Glendening gains, poll shows Sauerbrey remains in dead heat among most likely voters

October 28, 1998|By Thomas W. Waldron and C. Fraser Smith | Thomas W. Waldron and C. Fraser Smith,SUN STAFF

A surge of support from women, African-Americans and other traditional Democratic voters has given Gov. Parris N. Glendening a modest lead over Republican Ellen R. Sauerbrey with a week remaining before Tuesday's election, a new poll has found.

Locked in a statistical tie three weeks ago, Glendening now leads Sauerbrey among likely voters 52 percent to 44 percent, with 4 percent undecided, according to a poll done for The Sun and other news organizations.

Among voters considered the most certain to cast ballots, Glendening holds a smaller lead of 50 percent to 46 percent for Sauerbrey.

"The momentum has swung to the Glendening campaign," said Keith Haller, president of Potomac Survey Research Inc., the Bethesda-based firm that did the poll. "The message is that Democrats have come home."

Experts cautioned, however, that a poll cannot accurately project turnout -- a critical factor in a close race -- and that Glendening's lead could evaporate in the final week of a campaign.

Haller said the poll showed that Sauerbrey's best chance may ride on a light voter turnout, as her supporters appear to be more commited to her candidacy and are thus more likely to cast ballots.

Spokesmen for the two campaigns responded to the poll results with both confidence and caution.

"We're happy that signs indicate that this race is moving in our direction," said Peter S. Hamm, a Glendening spokesman.

"But we still think this is going to be a close race and think that it's crucial that everybody get out to vote next Tuesday."

Carol L. Hirschburg, Sauerbrey's spokeswoman, said: "We are polling on a nightly basis, and according to our numbers, the race is a dead heat."

The Sun's poll found that Glendening's current lead over Sauerbrey has been built on increasing support among his core group of constituents, particularly African-Americans and women.

Among blacks, Glendening now leads Sauerbrey by 86 percent to 11 percent, compared with a 74-10 advantage three weeks ago.

Despite Sauerbrey's stepped-up efforts to sell herself as possibly becoming the state's first female governor, women now favor Glendening by a margin of 54 percent to 40 percent. Three weeks ago, the governor was leading among women by only 5 percentage points.

At the same time, a strong majority of voters in all regions of the state said they disapprove of the way the Republican-led Congress is handling the impeachment inquiry of President Clinton -- a sentiment that is apparently translating into support for Glendening, Haller said.

He added that Glendening scored a potentially important coup this week when Clinton, whose popularity continues to climb in Maryland, agreed to appear Sunday at a Baltimore church. The event will likely turn into a Democratic love fest and could serve to boost Election Day turnout among the party's faithful.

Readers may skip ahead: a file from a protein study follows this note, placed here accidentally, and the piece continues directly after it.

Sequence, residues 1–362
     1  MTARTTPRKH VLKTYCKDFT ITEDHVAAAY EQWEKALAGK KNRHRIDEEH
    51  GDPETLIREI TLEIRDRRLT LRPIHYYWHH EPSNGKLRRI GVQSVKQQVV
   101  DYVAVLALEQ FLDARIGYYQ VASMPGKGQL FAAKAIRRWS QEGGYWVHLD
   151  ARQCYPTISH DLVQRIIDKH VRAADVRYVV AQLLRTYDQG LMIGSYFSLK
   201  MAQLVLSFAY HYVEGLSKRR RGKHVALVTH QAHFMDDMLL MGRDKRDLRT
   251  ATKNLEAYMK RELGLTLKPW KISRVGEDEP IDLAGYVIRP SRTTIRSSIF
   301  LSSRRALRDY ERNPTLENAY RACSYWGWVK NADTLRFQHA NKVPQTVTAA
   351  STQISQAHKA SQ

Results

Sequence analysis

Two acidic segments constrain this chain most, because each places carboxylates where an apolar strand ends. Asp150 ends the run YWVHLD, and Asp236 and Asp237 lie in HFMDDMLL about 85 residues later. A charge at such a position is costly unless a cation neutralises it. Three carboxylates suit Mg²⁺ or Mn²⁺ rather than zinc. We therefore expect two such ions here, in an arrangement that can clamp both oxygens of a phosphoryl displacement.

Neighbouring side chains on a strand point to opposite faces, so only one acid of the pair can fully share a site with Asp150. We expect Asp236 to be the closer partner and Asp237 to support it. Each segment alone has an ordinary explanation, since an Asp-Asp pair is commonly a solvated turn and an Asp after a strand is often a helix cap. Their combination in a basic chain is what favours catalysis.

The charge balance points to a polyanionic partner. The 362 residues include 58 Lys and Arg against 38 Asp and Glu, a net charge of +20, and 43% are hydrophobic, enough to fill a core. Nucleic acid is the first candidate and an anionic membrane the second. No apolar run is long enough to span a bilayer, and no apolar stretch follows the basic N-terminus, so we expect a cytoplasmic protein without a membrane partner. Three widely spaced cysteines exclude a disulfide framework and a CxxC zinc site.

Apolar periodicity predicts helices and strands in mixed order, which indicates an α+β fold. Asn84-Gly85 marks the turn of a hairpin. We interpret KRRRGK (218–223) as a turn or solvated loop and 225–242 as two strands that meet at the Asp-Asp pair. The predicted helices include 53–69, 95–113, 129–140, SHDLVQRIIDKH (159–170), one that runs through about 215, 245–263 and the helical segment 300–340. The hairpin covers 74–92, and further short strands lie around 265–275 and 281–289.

The Maryland governor's advertising campaign, which has pointed out Sauerbrey's conservative record on issues such as abortion, gun control and the environment, appears to be paying off: More than a third of those surveyed agreed with the statement that she is "too extreme" to be governor.

Respondents who said they're supporting Glendening because they would "never vote for Ellen Sauerbrey" climbed from 20 percent of his supporters three weeks ago to 27 percent in the current poll.

Haller said these poll results "drive home the power of negative ads."

"She's incurred a lot of damage," he said.

Among Glendening's female supporters is Gail M. Hudson, a 38-year-old pharmacist from East Baltimore. She said she has concerns about Glendening's integrity but will vote for him anyway, citing Sauerbrey's stances against abortion and gun control.

"I'm not real happy about it. But you have to pick somebody," Hudson said. "I'd much rather pick him than her."

Among voters age 65 or older, Sauerbrey and Glendening are essentially tied, with the governor holding a statistically insignificant 48 percent to 46 percent advantage.

Those figures suggest that Sauerbrey's call for an income tax cut for some retirees has not translated into a large wave of support, Haller said. In fact, just as many respondents said the tax proposal made them less likely to vote for Sauerbrey as said it made them more likely to support her.

Sauerbrey needs more backers like Theodore A. Malinowski, 69, of Bowie, a retired sales executive for Toyota.

"First of all, I'm for her because I'm a Republican," he said. "I also like the fact that she's trying to cut taxes for seniors."

But Nicholas Pollok, a retired federal employee from Frederick, called the Sauerbrey tax cut proposal "nonsense."

"If you're going to do all these things you need to do in this state, what is the sense in cutting the tax rate at this time?" Pollok said.

In all, only 4 percent of voters are completely undecided.

Among them is Carolyn J. Davis, a 51-year-old housewife from West Baltimore. Davis is a loyal Democrat who supports gun control and abortion rights.

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